A Pandora’s Box of conflict could erupt between Hungary and its Slovakian and Romanian neighbors over what might by that time be Budapest’s formal irredentist claims or open desire to legally reunify with the neighboring diaspora which was forcibly shut out of the nation-state’s borders. There’s no telling what effect intra-bloc tensions between these Central European states could have on the EU and NATO, and while cynics might encourage this in order to ‘divide and rule’ these unipolar organizations from within and by their very own hand, others might rationally point to the fact that this process could also involve Russian-ally Serbia as well due to the historical particularity of its northern province of Vojvodina.
If Hungary became inadvertently emboldened to pursue this series of scenarios because of the deepening partnership which it and its close Croatian ally might have with Russia by that time, then Moscow might be blamed for ‘giving the signal’ to this chaos despite that never having been Russia’s intent at all. Even if Moscow isn’t unfairly singled out as the ‘culprit’ if ‘anything goes wrong’, it could still receive a lot of harm to its interests if hyper-nationalist forces take control in Hungary and decide to advance these designs, which is one of the most powerful explanations behind why Russia provides zero support to the Jobbik party and doesn’t want to guide Orban anywhere near the direction of conflict with his neighbors.
3. Balancing The Balkans (Challenge: Backfire)
There’s a lot of good that can come out of Russia’s efforts to balance the Balkans, but also a lot of bad which could backfire against Moscow’s interests and result in supreme losses to its influence. The most obvious one is that the Serbs might not properly understand Russia’s overtures to Croatia and could be under the impression that this is aimed against their interests, whether out of unstated spite for Serbia “not doing enough” to open up its businesses to Russian investors or out of the self-interested desire to acquire a coastal partner and a new (safe) tourist destination for its holidaymakers. Whatever the details behind this narrative may be, the fact is that it could serve to erode Russian-Serbian relations and might even end up irreversibly damaging them if Serbs feel threatened by Russia’s moves towards Croatia. Losing an historical partner such as Serbia would be a damaging blow to Russian prestige and could upset its entire Balkan policy, though it’s unlikely to result in Belgrade abandoning its Balkan/Turkish Stream and/or South Stream plans for collaboration with Moscow.
The other main point which could go wrong and dramatically backfire against Russia would be if Moscow decides to get involved in whatever capacity it may be in territorially reorganizing the Balkans. Despite having the best of intentions if it ever does seek to mediate the creation of a Croatian federal entity in Bosnia, a Serbian-Kosovo land swap prior to Belgrade recognizing Pristina as an ‘independent country’, and/or Macedonia’s Albanian problem, it might ultimately end up being tricked by the West just like what infamously happened with Count Alexander Izvolsky. This Russian imperial statesman was hoodwinked by Austria to agree to Vienna’s annexation of Bosnia in exchange for the Dual Monarchy’s assurances that it would help the Tsar acquire unrestricted access through the Turkish Straits. Russia preemptively conceded its position on Bosnia in exchange for Austria’s anticipated reciprocal support with the Ottoman Empire, though Izvolsky was tricked because Vienna never had any intentions to follow through on its end of the deal.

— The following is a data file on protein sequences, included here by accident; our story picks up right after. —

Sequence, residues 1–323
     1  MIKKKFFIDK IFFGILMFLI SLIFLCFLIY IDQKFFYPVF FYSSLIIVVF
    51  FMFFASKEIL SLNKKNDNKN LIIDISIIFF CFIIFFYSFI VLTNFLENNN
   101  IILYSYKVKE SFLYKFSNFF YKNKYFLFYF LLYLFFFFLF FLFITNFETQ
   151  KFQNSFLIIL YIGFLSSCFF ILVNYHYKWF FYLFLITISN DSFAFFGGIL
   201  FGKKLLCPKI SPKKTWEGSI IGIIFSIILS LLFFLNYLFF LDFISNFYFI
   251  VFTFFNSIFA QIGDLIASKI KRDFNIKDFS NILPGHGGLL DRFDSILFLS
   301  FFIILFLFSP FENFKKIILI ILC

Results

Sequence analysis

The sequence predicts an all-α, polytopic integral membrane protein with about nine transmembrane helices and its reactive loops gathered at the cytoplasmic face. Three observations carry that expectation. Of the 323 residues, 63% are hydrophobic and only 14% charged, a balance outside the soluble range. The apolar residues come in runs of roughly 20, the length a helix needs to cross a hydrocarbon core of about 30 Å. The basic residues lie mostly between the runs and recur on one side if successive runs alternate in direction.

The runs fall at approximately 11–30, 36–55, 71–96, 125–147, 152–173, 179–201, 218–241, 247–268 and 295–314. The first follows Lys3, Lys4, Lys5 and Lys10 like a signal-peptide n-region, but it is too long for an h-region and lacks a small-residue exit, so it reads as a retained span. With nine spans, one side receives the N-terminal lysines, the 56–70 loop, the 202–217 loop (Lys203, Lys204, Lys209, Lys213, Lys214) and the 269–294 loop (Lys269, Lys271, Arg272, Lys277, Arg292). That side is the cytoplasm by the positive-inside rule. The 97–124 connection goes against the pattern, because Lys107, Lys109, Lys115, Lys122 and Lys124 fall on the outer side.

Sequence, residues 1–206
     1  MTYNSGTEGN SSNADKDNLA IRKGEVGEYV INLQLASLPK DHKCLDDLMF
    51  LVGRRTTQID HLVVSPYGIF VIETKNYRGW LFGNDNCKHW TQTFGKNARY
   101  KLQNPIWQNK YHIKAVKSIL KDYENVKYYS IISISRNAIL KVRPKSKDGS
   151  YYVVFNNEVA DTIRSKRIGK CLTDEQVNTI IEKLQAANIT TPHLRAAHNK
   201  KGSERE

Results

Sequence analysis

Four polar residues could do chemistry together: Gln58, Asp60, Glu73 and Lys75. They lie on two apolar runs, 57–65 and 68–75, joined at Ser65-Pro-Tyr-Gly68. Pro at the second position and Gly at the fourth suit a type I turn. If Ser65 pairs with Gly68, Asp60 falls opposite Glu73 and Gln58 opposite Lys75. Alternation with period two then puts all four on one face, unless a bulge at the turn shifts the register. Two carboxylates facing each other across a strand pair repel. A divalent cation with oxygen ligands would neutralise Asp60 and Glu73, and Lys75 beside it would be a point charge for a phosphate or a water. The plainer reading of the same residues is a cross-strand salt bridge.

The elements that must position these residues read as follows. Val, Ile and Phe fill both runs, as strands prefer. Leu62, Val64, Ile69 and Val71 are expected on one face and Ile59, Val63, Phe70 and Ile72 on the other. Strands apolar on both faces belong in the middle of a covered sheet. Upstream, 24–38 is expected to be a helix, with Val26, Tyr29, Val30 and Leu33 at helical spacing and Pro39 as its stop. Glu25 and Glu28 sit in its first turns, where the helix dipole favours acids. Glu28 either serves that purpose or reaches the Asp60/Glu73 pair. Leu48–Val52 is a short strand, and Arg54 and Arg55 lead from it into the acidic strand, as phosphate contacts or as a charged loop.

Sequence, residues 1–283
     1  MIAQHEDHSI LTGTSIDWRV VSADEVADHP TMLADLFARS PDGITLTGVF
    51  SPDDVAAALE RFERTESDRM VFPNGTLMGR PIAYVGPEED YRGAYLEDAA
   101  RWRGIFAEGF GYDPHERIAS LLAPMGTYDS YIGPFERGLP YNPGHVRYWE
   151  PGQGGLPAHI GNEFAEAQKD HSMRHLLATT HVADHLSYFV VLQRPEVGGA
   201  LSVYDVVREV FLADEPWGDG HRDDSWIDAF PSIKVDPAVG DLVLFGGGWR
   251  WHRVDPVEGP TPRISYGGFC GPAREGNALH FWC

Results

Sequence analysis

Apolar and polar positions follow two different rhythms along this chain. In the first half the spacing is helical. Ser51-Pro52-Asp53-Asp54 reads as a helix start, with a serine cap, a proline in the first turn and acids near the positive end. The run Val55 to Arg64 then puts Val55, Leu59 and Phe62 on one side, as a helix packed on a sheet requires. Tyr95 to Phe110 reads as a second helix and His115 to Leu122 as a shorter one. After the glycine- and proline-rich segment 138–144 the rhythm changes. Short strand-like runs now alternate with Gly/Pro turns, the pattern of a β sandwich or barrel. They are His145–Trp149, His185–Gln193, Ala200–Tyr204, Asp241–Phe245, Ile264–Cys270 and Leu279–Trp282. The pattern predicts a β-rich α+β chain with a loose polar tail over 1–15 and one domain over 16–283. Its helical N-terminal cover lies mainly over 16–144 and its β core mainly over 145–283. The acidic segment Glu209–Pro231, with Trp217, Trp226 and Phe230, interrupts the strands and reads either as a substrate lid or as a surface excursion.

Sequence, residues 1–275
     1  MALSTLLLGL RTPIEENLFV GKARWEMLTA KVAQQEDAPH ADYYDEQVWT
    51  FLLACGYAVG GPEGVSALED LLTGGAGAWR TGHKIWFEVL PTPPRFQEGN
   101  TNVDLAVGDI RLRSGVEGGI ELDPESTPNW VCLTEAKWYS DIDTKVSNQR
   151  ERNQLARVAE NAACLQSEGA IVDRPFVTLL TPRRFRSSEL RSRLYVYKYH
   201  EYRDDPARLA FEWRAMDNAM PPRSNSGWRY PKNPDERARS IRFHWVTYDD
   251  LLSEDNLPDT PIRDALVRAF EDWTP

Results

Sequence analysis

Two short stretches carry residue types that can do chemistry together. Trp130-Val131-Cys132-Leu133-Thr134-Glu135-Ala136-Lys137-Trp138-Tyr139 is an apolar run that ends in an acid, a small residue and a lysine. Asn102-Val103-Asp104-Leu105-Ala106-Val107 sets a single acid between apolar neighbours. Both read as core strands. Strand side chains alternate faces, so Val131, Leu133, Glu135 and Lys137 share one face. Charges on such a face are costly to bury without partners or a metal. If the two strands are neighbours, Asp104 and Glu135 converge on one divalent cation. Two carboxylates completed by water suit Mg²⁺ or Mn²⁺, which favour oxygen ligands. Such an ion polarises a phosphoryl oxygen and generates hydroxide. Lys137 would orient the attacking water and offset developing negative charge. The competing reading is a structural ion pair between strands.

Russia therefore has more than enough reasons to be extremely wary of its ‘Western partners’ when it comes to making Balkan deals, since there are no assurances that they will deliver on their end of the bargain and not take advantage of what they may interpret as Russian naiveté and possibly even desperation in wanting to reach a New Détente. The author doesn’t believe that either of these two labels accurately describes Russia, but there’s nothing to say that the West doesn’t perceive Russia this way and won’t act on this false impression. Moscow must be extremely careful if it involves itself to any extent with Timothy Less’ geopolitical revisionist project, even if it’s only doing so out of support for each actor’s own sovereign will and with the intention of safeguarding the fragile Balkan peace. What might seem at the time to be a good idea, such as for example possibly supporting a Croatian federalized entity in Bosnia, might lead to completely unintended consequences which backfire against Russia and instead lead the whole region into war. Thus, Russia must tread carefully no matter what it does.